There was less garbage on the trails, but cigarette butts were all too common in the area of Langley City Park, according to Pitch-In Day participants who went looking for trash Saturday morning.
City councillor Rosemary Wallace and her husband Keith Wallace were part of a four-person team who didn’t find as much litter as they were expecting.
“We were really surprised about our trails,” Wallace said.
“There obviously are some green teams and other community groups who are doing a good job.”
Keith Wallace noticed a big improvement around H.D. Stafford school.
“It’s amazing how it’s cleaned up there,” he said.
“Years ago [during the clean-up] there were tires and all sorts of stuff that we had to get a truck to pick up.”
Cigarette butts were a different matter.
Volunteer Leigh Castron said there were far too many left lying on the ground around the park where children play.
“We’re not pleased,” said Castron, who was on the Wallace team with her husband Don Castron.
At the main base for volunteers, the small picnic gazebo in City Park near the main parking lot off 207th Street,
City recreation department staffer Brandon McLeod confirmed most of the more than 20 participants were not finding much trash.
“They said they got less than they expected,” McLeod said.
Volunteer Julie Astley was pleased.
“It’s a good problem to have,” Astley said.
While an exact estimate of the amount of recovered junk was not immediately available, it was still enough litter to fill a metal barrel and several large plastic garbage bags.
McLeod noted many teams did not bring trash back to the gazebo, but simply dropped it into existing municipal garbage containers in the area.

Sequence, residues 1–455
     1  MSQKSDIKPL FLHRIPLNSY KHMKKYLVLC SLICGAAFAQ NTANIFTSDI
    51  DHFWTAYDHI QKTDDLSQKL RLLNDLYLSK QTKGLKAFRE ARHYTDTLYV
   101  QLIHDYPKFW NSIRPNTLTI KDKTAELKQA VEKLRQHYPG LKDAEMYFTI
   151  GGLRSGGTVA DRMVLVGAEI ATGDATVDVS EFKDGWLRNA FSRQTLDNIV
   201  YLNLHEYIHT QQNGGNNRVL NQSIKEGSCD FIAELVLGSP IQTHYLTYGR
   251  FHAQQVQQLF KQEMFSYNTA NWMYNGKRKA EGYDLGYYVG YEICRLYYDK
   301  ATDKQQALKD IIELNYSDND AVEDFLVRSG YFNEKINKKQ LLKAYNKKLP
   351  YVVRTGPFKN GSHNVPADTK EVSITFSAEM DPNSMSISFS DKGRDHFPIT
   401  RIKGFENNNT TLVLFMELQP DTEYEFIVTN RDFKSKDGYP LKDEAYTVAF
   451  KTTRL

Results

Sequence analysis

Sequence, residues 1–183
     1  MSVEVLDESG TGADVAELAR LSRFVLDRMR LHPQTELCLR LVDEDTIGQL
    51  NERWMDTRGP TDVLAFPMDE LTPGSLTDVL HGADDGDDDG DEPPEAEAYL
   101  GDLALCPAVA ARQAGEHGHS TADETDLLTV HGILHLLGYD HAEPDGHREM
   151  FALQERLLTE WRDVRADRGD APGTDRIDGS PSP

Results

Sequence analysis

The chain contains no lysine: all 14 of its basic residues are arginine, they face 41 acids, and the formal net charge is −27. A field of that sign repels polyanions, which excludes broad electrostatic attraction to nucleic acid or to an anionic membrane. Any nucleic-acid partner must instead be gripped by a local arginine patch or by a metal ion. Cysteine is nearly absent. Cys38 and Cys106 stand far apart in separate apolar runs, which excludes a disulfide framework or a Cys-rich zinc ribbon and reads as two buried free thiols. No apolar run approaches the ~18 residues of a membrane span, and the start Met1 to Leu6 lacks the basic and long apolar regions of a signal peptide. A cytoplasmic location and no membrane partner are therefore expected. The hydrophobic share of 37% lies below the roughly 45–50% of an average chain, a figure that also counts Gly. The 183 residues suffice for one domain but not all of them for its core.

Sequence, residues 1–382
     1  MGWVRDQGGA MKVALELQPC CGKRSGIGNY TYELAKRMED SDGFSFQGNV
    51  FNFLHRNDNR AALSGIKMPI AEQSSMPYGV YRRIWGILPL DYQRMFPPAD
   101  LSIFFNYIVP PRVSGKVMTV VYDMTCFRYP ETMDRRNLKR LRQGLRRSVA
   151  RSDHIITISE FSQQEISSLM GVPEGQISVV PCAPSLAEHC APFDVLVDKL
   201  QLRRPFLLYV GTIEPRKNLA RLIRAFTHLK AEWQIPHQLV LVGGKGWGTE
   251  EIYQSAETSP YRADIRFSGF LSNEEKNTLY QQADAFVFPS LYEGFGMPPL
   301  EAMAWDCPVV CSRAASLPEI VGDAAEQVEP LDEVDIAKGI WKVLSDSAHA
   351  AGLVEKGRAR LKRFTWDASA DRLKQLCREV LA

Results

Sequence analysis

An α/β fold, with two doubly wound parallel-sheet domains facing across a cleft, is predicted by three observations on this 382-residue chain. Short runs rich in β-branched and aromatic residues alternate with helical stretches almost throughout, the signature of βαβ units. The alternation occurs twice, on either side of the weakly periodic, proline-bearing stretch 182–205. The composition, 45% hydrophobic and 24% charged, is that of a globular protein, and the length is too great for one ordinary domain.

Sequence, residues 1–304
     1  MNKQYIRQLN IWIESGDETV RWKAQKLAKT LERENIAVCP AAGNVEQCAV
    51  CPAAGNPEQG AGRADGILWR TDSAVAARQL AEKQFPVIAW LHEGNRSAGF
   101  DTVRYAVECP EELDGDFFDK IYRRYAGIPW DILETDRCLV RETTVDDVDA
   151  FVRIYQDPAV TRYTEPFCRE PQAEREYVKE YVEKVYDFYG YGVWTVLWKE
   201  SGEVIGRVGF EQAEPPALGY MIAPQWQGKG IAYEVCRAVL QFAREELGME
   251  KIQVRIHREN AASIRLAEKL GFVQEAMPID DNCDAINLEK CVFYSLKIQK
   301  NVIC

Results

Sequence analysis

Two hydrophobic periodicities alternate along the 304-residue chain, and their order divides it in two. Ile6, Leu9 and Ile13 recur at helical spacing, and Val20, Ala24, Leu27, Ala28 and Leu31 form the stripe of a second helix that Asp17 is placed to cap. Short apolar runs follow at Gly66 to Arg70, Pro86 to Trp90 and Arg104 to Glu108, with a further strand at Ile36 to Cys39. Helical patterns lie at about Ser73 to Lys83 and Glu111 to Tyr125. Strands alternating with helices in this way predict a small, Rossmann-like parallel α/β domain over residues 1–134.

Other than cigarette butts, coffee cups and unwanted food, the only unusual item found was a traffic cone from Pitt Meadows.
Meanwhile, in Langley Township, teams were picking up litter at several locations for Clean Up Langley Day, among them players of the Langley Rivermen hockey team.
For the second year in a row, players, coaches, and staff of the Langley Rivermen Junior A Hockey Team were to take part in the litter pick-up event hosted by the Township.
Rivermen captain Alec Capstick said it only takes a few minutes to make a noticeable difference.
“For us, getting out and showing that we care about the community we play in is good for our team,” Capstick said.
“We’ll keep doing it, year after year.”
“It’s a great way to get involved in our community and make sure everyone can enjoy the area as much as possible,” says Jake Livingstone, a defenseman with the Rivermen.
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